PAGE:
The Trouble with Lying
The trouble with lying, aside from putting forward a deliberately false statement (and seeking to gain an advantage/avoid something undesirable) is that behind liars are often people who have faith in them. We all have at one time or another told a ‘white’ lie or two. Nobody is perfect My focus here is more on the kind of lies, that when discovered, will be devastating to those who trusted that the lie was truth.
Lies and deception aggressively and passive aggressively take power away from others. When people lie, they remove your right of reply to the truth of the matter, and your right to make a decision based on knowing the whole truth. For a liar, this is akin to holding the winning hand in a rigged poker game and being privy to knowledge that the other parties are not. When you’re involved with someone who deliberately dupes you, they are not honest and because if they were, it is highly likely that you would bounce.
This doesn’t remove our own responsibility to assess the situation. However, when someone is running rings around you; blowing hot and cold, contradicting their actions and words and making out like you have it twisted, you may begin to doubt yourself.
Uncovering lies and deception can be mind boggling. You may end up going over every word, feel as though your eyes, ears and mind were deceiving you. You might have defended them. You might have listened to them vehemently deny what turns out to be the truth. When you begin to play things back in your mind, you are trying to determine fact from fiction.
I’ve come across an ever increasing number of people who have explicitly known that they were involved with someone who has a somewhat shady relationship with the truth. What is attraction to someone who can’t even be honest with themselves? In a nutshell, they all believed that their love and faith would cause this person to make them the exception and treat them differently to everybody else that they have ever duped. Moreover, I have heard that it’s the situation that makes the person lie and deceive. Yes you read that correctly – it is the circumstances that have made someone dishonest. Really?! The subtext of this assertion is that it’s OK to lie and deceive in certain circumstances, especially if love is involved. If this is your real belief, and you are being true to yourself, then by all means continue. If it isn’t, then this is the beginnings of making exceptions and gradually eroding your own morals and boundaries.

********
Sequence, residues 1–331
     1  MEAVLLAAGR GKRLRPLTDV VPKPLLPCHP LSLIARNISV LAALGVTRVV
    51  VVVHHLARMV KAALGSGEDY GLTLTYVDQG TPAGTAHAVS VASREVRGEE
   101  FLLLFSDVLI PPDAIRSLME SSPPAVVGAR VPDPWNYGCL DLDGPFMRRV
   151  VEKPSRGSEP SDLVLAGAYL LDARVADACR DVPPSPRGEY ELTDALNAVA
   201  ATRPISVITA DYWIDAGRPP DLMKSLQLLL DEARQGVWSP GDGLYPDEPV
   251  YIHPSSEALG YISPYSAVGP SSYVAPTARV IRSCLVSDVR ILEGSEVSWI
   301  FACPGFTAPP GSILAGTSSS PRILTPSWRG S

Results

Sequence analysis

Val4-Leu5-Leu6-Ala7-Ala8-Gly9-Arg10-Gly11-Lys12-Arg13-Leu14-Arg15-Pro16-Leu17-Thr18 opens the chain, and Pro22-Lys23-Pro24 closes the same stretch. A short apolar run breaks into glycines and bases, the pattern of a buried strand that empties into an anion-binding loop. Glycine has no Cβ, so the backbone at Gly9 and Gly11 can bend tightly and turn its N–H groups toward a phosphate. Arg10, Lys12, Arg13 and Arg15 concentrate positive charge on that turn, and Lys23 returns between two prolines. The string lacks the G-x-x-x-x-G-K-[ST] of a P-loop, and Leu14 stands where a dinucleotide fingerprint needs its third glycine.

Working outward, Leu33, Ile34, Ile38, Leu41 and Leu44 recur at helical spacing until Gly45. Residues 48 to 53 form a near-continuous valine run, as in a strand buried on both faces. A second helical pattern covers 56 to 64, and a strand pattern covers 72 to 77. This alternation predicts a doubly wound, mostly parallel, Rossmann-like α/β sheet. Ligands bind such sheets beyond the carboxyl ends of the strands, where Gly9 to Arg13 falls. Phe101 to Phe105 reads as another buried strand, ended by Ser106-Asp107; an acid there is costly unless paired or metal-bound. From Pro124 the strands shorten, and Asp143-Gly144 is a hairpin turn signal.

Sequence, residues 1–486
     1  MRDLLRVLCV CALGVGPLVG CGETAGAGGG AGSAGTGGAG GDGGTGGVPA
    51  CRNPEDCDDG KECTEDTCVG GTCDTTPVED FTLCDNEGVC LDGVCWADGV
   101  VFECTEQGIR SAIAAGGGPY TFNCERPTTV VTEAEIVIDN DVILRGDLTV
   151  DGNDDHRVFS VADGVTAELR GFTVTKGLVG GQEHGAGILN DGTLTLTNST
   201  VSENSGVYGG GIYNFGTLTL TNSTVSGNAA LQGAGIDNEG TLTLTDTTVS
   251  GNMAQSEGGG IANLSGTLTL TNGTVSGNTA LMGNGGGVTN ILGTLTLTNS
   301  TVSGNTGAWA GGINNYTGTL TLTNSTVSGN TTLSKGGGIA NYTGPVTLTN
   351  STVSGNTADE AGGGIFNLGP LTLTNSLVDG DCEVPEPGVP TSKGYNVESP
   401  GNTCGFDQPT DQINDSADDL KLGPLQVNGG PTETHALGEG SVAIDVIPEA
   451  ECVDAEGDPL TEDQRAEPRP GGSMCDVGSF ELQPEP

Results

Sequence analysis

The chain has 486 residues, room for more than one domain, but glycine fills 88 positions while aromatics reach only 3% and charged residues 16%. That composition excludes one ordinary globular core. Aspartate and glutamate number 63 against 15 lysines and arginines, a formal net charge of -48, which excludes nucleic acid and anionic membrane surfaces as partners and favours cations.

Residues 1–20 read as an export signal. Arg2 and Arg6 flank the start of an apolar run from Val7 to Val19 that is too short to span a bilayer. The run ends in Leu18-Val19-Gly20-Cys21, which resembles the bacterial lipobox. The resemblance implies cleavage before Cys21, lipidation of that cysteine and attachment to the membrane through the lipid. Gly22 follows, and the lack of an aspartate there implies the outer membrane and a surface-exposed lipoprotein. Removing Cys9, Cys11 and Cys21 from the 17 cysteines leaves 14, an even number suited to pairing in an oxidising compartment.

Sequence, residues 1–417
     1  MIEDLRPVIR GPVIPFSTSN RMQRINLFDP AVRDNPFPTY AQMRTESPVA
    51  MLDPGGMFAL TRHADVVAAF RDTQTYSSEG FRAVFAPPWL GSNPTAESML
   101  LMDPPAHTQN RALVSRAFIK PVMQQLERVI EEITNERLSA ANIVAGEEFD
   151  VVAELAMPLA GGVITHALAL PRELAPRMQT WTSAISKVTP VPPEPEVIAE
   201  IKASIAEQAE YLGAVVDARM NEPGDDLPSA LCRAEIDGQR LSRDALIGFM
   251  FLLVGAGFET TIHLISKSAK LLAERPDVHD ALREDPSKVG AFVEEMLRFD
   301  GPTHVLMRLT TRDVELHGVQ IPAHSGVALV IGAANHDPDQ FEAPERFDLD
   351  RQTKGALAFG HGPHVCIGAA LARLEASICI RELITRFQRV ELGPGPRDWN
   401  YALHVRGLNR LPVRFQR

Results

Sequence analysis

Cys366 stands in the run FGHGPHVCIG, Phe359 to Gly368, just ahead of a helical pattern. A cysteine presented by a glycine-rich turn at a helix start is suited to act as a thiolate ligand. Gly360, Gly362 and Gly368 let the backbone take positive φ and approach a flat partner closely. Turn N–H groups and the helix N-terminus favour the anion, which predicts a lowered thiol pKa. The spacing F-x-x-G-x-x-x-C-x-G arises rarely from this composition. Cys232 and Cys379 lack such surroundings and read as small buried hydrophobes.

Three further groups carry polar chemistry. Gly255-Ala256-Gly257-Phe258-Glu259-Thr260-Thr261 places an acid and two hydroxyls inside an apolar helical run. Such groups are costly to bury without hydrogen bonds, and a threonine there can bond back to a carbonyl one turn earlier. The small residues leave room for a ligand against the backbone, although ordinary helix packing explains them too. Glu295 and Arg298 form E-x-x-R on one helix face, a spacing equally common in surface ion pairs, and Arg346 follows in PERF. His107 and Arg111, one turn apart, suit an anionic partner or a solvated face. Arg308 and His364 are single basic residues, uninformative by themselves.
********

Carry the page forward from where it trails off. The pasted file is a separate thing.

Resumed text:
When people lie and deceive, they share information on a need-to-know basis. They might drip-feed the truth (which is confusing because you think that the ‘drip’ is all of the truth, when it is not). That’s the problem with lying – it is incredibly difficult to know whether you’re standing in reality or only standing on the ‘portion’ of reality that has been admitted. I have further question – how does someone who has told a whole load of lies and deceived even know that they’re telling themselves the truth? Some don’t even see it as lies. Excuses and justifications aside, the bottom line is that lying and deceiving are forms of control and ergo, a form of abusive behaviour.
Lies and deception hurt. They hurt those around them who get duped and run over in the process and they hurt you if you participate in the madness. If you want to live your life authentically, stick to your values. It can be hard to face the fact that someone has not been truthful, but to continue to have blind faith in them doesn’t help you or them.
In my opinion, it is healthier to state and live our truth rather than spend time deceiving ourselves in order to hold onto people who are deceiving us. If you are living your own truth, it becomes impossible to live someone else’s lie.